But from what in the photograph does this power arise? Barthes explains that it arises from the troubling relationship between the subject and the photographed image of the subject -- a relationship that is not representational but presentational (even allowing, as he does, for the flattening effect of the photograph). Against those who credit the painter and his systems of perspective and framing with the rise of photography, Barthes credits the chemist. By discovering the sensitivity of silver halogens to light, the chemist made it possible "to recover and print directly the luminous rays emitted by a variously lighted object." The image, strictly speaking, is an "emanation" of the subject. Recovering the subject from out there, the flow of time, the photograph preserves the thing or being "that has been." This much is obvious -- platitudinous, Barthes says, emphasizing the root sense (that is, flatness) of the adjective. But, and here the fatal twist, what the powerful photograph emphasizes is the mortality of the subject, its inevitable passing. And what can we, the spectators, say about this spectacle? Almost nothing. Working somewhat in the manner of the ancient theatrical mask, the photograph caricatures "not the figure . . . but its very existence." It caricatures this existence by revealing its most important (though most readily forgotten) feature: the imminence of its non-existence. Neither a metaphor nor a fiction, the photograph mutely certifies that the "corpse is alive, as corpse."
Of what use this "dead theater of Death" -- this presentation of an essence that Heidegger, philosophically, and Rilke, poetically, both sought to express? Barthes urges that it is of greatest use: "For Death must be somewere in a society; if it is no longer (or less infensely) in religion, it must be elsewhere; perhaps in this image which produces Death while trying to preserve life." Without this spectacle to remind us of the terms of our life, life becomes trivial, even pointless.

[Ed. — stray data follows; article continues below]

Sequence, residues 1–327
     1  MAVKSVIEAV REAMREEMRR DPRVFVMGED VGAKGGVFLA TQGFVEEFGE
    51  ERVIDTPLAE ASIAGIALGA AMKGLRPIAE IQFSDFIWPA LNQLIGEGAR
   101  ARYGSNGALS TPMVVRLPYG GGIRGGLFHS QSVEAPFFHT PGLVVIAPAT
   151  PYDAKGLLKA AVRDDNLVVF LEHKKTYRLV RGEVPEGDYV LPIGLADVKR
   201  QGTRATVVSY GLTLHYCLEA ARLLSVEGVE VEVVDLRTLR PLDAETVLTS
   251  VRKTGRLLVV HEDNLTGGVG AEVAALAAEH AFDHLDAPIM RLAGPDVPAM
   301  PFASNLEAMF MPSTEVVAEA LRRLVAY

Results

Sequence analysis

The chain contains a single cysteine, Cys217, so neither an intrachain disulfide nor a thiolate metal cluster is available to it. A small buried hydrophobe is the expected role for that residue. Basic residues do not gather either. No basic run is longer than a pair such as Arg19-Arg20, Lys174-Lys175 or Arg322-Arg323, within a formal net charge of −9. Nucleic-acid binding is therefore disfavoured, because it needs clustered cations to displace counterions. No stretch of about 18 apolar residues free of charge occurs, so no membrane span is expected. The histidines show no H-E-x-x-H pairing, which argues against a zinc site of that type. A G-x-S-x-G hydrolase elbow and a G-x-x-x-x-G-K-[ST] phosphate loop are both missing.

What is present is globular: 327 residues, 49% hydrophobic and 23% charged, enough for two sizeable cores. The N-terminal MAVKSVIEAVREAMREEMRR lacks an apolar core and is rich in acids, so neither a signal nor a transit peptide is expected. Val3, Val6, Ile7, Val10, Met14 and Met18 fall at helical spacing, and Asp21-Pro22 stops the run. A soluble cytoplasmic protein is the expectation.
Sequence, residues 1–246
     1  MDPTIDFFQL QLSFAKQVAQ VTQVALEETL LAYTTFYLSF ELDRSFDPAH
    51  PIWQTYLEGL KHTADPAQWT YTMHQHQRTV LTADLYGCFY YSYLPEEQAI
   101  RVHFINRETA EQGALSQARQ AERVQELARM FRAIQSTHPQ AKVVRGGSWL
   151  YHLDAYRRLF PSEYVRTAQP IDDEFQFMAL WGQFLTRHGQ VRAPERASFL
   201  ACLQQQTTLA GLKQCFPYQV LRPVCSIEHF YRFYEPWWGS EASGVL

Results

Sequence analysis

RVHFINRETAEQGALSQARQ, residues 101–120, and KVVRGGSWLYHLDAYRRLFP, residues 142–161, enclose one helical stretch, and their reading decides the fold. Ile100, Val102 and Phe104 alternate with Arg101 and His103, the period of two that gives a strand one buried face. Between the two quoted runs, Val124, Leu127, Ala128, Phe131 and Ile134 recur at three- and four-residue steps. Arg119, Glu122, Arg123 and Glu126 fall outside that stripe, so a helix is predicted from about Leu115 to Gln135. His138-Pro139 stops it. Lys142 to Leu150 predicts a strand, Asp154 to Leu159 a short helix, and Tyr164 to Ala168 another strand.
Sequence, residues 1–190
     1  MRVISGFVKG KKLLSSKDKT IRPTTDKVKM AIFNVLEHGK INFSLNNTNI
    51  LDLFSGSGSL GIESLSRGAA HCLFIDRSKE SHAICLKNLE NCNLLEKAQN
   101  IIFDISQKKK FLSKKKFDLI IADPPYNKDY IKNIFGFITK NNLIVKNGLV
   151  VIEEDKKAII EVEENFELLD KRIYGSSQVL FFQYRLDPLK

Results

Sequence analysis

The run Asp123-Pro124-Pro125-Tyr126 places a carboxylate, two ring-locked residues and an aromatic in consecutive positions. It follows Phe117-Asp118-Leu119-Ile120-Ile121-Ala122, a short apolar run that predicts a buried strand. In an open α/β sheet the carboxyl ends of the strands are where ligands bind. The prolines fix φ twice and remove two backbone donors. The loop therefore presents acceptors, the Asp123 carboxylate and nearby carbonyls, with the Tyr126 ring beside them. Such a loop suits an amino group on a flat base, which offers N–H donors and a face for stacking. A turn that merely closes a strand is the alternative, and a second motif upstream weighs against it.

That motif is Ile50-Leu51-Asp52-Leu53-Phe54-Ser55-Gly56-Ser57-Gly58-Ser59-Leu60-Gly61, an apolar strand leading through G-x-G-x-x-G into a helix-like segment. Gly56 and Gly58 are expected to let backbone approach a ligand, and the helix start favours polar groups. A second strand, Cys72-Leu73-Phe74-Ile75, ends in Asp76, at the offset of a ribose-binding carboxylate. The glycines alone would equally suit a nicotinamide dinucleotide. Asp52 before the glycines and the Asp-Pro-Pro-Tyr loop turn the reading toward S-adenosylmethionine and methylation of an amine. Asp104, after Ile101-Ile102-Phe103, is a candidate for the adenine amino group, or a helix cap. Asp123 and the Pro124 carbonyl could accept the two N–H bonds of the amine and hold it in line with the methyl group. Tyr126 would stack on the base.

But society, like individual man, seems able to stand only so much reality, and already it has done much to tame photography -- either by making it into an art (and thus robbing it of its "madness" by endowing it with so many sociological or esthetic functions -- "alibis") or by making it banal. The second threat is more serious. A world flooded by so many images comes to be dictated by images; the endless production of photographs ends by de-realizing "the human world of conflicts and desires, under cover of illustrating it."
No doubt, many will object to the extremity of Barthes' conclusions, his dismissal, for example, of technial and esthetic qualities as ultimately tangential to the genius of photography. His inquiry certainly runs counter to the interpretive approaches of art history and criticism, for Barthes insists that the photograph resists reading, that it is precisely in its "arrest of interpretation that the Photograph's certainty resides." And the least one might say is that his conclusions hold more for a certain group of photographs than for all photographs, a point to which Barthes himself would probably have acceded. After all, as he concludes, we have the choice either to subject the spectacle of the photograph to the "civilized code of perfect illusions, or to confront in it the wakening of intractable reality."
Whatever choice we make, we must credit Barthes for making clear the option